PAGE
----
Saturday, 3 September 2011
NASA says "Space Junk" in earth`s orbit needs to be cleaned up
Space junk has made such a mess of the earths orbit that it now poses great risk to astronauts and satellites , experts say we finally need to think about cleaning it up. The area just above the atmosphere has become littered with scrap including old satellites and rocket boosters.
Scientists have warned that with severity of the issue a major clean-up operation should be considered. That may mean vacuuming up debris with weird space technology — cosmic versions of nets, magnets and giant umbrellas, according to the chairman of an expert panel that issued a new report on the problem Thursday.
There are roughly 22,000 objects in orbit that are considered big enough for officials on the ground to track and countless more smaller ones that could do damage to human-carrying spaceships and valuable satellites. The International Space Station has to move out of the way of debris from time to time.
“We’ve lost control of the environment,” said retired NASA senior scientist Donald Kessler, who headed the National Academy of Sciences report.
Since the space age began 54 years ago civilization has intensely littered the earths orbit. Once this was discovered by scientists agreements were made to keep new space junk to a minimum. However two events in the past four years have hindered this - a 2007 Chinese anti-satellite weapon test and a 2009 collision between two orbiting satellites.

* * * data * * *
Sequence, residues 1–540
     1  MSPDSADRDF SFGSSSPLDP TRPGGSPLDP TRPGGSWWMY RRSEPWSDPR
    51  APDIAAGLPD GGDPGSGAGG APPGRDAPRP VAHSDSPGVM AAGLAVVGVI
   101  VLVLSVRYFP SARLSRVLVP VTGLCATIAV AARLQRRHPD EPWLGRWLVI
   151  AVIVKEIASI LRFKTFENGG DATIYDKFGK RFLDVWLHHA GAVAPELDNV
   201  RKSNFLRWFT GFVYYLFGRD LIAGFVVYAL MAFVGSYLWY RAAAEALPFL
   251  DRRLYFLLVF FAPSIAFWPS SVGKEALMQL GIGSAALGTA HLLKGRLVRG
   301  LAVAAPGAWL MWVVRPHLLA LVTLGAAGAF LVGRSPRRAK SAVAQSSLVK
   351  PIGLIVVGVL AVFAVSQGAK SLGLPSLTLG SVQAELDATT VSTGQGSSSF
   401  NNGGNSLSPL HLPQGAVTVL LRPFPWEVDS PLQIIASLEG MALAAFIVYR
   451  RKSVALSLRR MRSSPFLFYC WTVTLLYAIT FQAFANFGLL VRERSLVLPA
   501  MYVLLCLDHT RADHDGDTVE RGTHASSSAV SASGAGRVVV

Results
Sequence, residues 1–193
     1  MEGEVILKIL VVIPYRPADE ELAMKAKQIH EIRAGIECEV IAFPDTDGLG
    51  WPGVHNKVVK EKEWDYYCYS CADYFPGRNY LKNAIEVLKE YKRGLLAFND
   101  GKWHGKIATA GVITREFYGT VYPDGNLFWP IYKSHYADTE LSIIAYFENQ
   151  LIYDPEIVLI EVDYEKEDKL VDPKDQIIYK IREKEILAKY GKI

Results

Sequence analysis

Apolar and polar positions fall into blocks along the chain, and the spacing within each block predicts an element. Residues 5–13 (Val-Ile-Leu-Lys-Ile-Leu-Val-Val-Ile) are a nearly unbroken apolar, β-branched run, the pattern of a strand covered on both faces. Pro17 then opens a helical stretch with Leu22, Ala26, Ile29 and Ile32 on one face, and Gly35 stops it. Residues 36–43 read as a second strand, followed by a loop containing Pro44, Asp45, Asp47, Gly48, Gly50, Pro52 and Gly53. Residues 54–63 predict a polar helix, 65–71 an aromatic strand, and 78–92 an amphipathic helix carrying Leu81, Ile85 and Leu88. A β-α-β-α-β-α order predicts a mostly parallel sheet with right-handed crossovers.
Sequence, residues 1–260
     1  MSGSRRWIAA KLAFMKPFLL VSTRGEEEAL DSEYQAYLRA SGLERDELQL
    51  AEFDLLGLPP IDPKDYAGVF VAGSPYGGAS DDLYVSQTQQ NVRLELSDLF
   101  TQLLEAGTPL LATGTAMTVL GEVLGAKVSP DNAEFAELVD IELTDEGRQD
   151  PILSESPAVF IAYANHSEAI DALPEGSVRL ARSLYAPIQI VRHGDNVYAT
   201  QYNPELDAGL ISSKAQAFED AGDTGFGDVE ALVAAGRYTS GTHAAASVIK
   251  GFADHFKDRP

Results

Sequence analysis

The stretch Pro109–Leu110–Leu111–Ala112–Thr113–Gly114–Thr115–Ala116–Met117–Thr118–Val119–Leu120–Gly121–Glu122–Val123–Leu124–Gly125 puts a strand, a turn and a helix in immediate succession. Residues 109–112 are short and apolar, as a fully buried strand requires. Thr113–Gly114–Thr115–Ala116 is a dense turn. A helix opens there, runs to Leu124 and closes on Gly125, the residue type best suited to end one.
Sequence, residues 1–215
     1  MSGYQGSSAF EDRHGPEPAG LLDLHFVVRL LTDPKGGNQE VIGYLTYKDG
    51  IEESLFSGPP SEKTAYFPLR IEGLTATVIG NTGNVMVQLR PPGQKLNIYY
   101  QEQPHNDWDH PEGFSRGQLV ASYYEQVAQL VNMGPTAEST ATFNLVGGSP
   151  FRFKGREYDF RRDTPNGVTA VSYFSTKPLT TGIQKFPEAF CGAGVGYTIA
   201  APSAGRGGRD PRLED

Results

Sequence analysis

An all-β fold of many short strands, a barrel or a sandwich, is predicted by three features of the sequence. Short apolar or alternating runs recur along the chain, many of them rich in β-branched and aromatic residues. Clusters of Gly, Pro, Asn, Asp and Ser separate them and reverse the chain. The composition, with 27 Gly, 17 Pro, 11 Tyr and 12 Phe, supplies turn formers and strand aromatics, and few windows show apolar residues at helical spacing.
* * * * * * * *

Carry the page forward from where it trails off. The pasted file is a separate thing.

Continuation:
“Those two single events doubled the amount of fragments in Earth orbit and completely wiped out what we had done in the last 25 years,” Kessler said.
All that junk that means something has to be done, “which means you have to look at cleaning space,” said Kessler.
The study only briefly mentions the cleanup possibility, raising technical, legal and diplomatic hurdles. But it refers to a report earlier this year by a Defense Department science think-tank that outlines all sorts of unusual techniques. The report by the Defence Advanced Research Projects Agency is called “Catcher’s Mitt” and it mentions harpoons, nets, tethers, magnets and even a giant dish or umbrella-shaped device that would sweep up tiny pieces of debris.
While the new report does not recommend using the technology, Kessler said it is necessary. He likes one company’s idea of a satellite that is armed with nets that could be sprung on wayward junk. Attached to the net is an electromagnetic tether that could either pull the junk down to a point where it would burn up harmlessly or boost it to safer orbit.
NASA officials said they are examining the study.
The report is from the National Research Council, a branch of the National Academy of Sciences, which is an independent organisation chartered by Congress to advise the government on science.
This computer generated graphic provided by NASA shows images of objects in the earth`s orbit that are currently being tracked.